Ung og lovende

Young and promising

Carl Nielsen’s major subject at the Conservatory of Music was the violin, but by the end of his education at the very latest his fellow-students must have realised that composition was his real interest. His official debut as a composer took place after he had left the Conservatory, in the Tivoli Concert Hall on 17 September 1887, where his Andante tranquillo e Scherzo for string orchestra was performed (with himself playing the violin in the orchestra)

Shortly after this he was again noticed as a composer when the Private Chamber Music Society (whose concerts were called “meetings” and as such were not open to the general public) performed his newly composed String Quartet in F major on 25 January 1888.

On 8 September 1888, the orchestra of the Tivoli Concert Hall gave the first performance of Carl Nielsen’s official opus 1, the Suite for Strings, with a week’s delay compared with the original programming because a now long-forgotten English composer took the young Dane’s music off the bill in favour of two of his own works. Balduin Dahl conducted, and he almost dragged Carl Nielsen from the violinists’ group to receive the audience’s ovation. The success was so great that the second movement, a seductive waltz, had to be repeated and afterwards Carl Nielsen went out with his friends to celebrate.

On 16 October the same year Carl Nielsen personally conducted this same piece at the first concert of the season in the Odense Music Society – his debut as conductor. Nielsen would surely have been happy to appear free of charge, but he actually received a fee of 30 crowns.

At the beginning of 1890 the work was printed and published by Wilhelm Hansen. Recent research in connection with the new critical edition of Carl Nielsen’s works has revealed that in the meantime Nielsen had made alterations in the suite, especially in the third movement. At the end of May 1889 Dahl had given Nielsen permission to conduct the suite himself in Tivoli, and this was his conductor’s debut in Copenhagen.

In August 1889 a competition took place for vacancies in the Chapel Royal Orchestra. Carl Nielsen won a place, and from the start of the 1889-90 season he was among the second violins in the orchestra. In those days it was customary to let newly appointed violinists begin as second violins, and in the course of his 16 years as a Chapel Royal musician Nielsen never made it higher than to the first desk of the seconds. It was probably not his intention to play in the orchestra so long. His talent as a violinist did not extend further than a few opportunities as a soloist at the so-called popular concerts, but on the other hand it was not possible for him to make a living by composing.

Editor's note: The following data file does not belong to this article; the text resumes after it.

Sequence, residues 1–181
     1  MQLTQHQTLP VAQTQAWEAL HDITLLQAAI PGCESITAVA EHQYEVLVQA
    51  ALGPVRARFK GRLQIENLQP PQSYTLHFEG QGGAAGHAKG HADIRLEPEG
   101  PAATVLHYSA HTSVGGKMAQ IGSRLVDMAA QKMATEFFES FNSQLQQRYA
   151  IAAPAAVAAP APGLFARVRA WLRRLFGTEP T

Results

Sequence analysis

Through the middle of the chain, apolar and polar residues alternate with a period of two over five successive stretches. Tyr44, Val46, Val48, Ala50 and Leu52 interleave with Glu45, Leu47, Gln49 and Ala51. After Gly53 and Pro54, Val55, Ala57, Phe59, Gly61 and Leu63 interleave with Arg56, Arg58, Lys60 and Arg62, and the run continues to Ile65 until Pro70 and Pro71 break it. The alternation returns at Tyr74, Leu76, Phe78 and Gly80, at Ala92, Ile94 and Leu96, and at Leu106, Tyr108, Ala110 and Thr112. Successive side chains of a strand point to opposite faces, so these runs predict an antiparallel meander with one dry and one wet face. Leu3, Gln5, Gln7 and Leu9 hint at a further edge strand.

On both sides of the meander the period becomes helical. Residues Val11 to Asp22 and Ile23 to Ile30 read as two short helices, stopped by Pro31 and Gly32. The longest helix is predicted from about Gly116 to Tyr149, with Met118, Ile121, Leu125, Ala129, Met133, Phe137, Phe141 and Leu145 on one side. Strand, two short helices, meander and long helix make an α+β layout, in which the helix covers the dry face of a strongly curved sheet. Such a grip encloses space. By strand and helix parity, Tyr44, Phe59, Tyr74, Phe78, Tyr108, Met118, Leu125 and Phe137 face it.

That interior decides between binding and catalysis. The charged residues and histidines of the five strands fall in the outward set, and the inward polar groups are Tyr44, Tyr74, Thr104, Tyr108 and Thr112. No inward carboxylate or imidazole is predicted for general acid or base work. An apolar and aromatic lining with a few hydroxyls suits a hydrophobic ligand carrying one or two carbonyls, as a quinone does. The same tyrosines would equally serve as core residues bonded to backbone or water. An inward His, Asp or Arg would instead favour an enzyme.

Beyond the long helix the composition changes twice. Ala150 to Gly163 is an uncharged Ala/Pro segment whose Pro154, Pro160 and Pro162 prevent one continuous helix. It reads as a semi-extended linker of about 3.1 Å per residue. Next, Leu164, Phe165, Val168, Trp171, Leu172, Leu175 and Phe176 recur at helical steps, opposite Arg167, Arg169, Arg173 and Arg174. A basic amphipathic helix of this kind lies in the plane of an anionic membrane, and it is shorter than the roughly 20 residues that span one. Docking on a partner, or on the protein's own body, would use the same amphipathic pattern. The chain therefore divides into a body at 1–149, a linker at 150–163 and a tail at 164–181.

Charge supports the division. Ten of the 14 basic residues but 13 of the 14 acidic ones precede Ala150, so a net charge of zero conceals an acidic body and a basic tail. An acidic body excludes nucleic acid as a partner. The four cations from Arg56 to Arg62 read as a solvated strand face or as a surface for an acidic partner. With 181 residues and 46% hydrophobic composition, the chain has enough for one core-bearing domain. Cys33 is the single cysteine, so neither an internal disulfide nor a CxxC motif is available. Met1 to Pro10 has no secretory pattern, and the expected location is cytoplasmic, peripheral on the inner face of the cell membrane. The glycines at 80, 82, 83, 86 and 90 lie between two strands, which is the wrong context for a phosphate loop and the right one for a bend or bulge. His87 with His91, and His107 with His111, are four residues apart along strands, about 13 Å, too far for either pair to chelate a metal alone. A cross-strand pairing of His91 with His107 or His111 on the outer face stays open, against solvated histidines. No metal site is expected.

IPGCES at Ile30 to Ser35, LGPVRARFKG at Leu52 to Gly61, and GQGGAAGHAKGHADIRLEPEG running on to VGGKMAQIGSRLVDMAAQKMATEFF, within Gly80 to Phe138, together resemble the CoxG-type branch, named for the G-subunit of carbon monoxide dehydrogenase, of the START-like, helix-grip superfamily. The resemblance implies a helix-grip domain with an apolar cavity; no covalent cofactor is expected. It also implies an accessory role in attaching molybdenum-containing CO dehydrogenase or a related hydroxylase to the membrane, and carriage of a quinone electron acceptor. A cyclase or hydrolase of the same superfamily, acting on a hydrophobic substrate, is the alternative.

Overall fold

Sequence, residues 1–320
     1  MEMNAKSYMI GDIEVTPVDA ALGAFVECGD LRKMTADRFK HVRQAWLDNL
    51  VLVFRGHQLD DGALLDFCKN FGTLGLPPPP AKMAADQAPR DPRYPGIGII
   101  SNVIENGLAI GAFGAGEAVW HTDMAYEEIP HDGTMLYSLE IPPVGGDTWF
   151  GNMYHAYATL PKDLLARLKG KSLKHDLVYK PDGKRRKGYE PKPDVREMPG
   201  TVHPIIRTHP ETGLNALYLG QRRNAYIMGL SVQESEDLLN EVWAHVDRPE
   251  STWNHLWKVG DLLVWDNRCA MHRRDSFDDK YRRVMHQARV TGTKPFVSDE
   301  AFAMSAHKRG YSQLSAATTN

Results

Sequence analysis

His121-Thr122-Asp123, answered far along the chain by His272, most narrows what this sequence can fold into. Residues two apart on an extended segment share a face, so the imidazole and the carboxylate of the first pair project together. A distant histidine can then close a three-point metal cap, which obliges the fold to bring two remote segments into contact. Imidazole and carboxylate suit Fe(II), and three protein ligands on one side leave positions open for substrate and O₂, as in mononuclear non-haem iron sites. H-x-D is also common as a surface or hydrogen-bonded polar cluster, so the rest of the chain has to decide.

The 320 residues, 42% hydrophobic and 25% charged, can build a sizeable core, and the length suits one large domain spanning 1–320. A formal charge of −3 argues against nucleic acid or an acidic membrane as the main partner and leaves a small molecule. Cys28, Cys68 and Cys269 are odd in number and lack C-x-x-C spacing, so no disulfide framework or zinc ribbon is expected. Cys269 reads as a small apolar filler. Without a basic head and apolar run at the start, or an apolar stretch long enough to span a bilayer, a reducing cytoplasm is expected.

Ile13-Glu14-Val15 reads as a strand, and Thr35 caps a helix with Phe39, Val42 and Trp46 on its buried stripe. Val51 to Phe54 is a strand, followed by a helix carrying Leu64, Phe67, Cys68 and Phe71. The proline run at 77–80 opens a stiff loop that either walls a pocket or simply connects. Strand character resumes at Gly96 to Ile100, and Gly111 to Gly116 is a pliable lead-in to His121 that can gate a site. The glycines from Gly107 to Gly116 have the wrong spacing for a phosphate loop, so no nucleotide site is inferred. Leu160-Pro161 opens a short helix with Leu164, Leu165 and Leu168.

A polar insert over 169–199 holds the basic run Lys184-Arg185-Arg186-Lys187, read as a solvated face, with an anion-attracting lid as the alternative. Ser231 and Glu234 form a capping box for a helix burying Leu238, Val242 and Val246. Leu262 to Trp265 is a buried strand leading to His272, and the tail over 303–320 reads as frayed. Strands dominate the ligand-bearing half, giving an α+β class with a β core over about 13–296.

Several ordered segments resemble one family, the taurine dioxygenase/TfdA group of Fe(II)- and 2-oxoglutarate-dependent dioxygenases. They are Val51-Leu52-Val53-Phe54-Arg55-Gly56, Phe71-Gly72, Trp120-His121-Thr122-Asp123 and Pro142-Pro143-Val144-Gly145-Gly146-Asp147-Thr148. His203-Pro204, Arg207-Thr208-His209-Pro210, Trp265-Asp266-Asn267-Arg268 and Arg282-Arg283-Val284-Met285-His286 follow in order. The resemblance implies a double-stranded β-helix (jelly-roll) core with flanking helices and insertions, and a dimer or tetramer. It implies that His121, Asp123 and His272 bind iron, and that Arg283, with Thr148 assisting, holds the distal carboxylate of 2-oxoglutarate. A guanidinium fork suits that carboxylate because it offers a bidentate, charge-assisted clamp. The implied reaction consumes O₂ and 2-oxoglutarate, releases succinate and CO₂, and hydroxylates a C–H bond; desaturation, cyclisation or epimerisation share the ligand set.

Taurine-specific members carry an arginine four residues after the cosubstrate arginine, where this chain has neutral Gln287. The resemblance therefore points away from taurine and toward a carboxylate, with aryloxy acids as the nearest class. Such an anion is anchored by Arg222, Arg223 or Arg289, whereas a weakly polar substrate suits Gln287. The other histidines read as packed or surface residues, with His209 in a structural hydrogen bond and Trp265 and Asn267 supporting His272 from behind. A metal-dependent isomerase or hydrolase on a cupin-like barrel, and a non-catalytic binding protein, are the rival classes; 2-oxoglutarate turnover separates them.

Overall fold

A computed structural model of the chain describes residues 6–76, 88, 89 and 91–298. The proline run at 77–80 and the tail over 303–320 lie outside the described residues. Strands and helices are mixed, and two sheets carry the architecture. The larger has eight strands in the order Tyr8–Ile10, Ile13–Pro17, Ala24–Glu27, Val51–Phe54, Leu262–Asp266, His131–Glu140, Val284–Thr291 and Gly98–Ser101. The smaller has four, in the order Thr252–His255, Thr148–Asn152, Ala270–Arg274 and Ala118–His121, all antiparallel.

Among his colleagues at the Chapel Royal were three outstanding oboists, Chr. Schiemann, Peter Brøndum and Olivo Krause. The last two of these became close friends of Nielsen, and he was inspired to write his two Fantasy Pieces for Oboe og Piano, opus 2. Krause (1857-1927) was to have performed both pieces for the first time at one of the Chapel’s chamber music soirées in December 1890, but he was taken ill so that the two works were published by Wilhelm Hansen before Krause and Victor Bendix eventually gave them their christening at the next soirée on 16 March 1891.

Although on paper he was fully trained as a musician, Carl Nielsen knew that as a composer he needed to acquire more knowledge and to widen his horizons. Being badly off economically, he had to resort to the few scholarships that the cultural life of that time could provide. One of the opportunities available was the Ancker Award (Det Ancker’ske Legat), founded with money bequeathed by rentier Carl Andreas Ancker (1828-57).

With leave from the Chapel Royal for the whole season of 1890-91, and with funding from the Ancker Award, Carl Nielsen set out for Germany. While at home he had procured recommendations from Niels W. Gade, with whom he had spent a whole day at his home in Fredensborg. This was to be his last meeting with the old master. In Dresden he attended in September the four operas in Wagner’s Ring, which made a strong impression on him: “the musician who does not think Wagner great is himself very small” – a point of view which he was later to modify rather severely. After a trip to Leipzig Nielsen departed on 18 October for Berlin, where he continued to attend concerts and operas diligently. Among other musical colleagues he met composers Jean Sibelius and Christian Sinding and the famous German violinist Joseph Joachim, who agreed to listen to Nielsen’s newly composed String Quartet in F minor.

On 22 December Carl Nielsen received the news that Gade had died the day before. He writes in his diary: “Darkness and emptiness! Terrible! I am sick with sorrow and can neither eat nor sleep.”

In the following months Nielsen divided his time between Berlin, Leipzig and Dresden, where he looked out for the most interesting concerts and operas. Among other things he attended Johan Svendsen’s Carnival in Paris in Berlin (“the most daring piece of music Svendsen has written”), and in Dresden he heard Victor Bendix’s First Symphony (“a great and well-deserved success”). And at the end of January he left for Paris.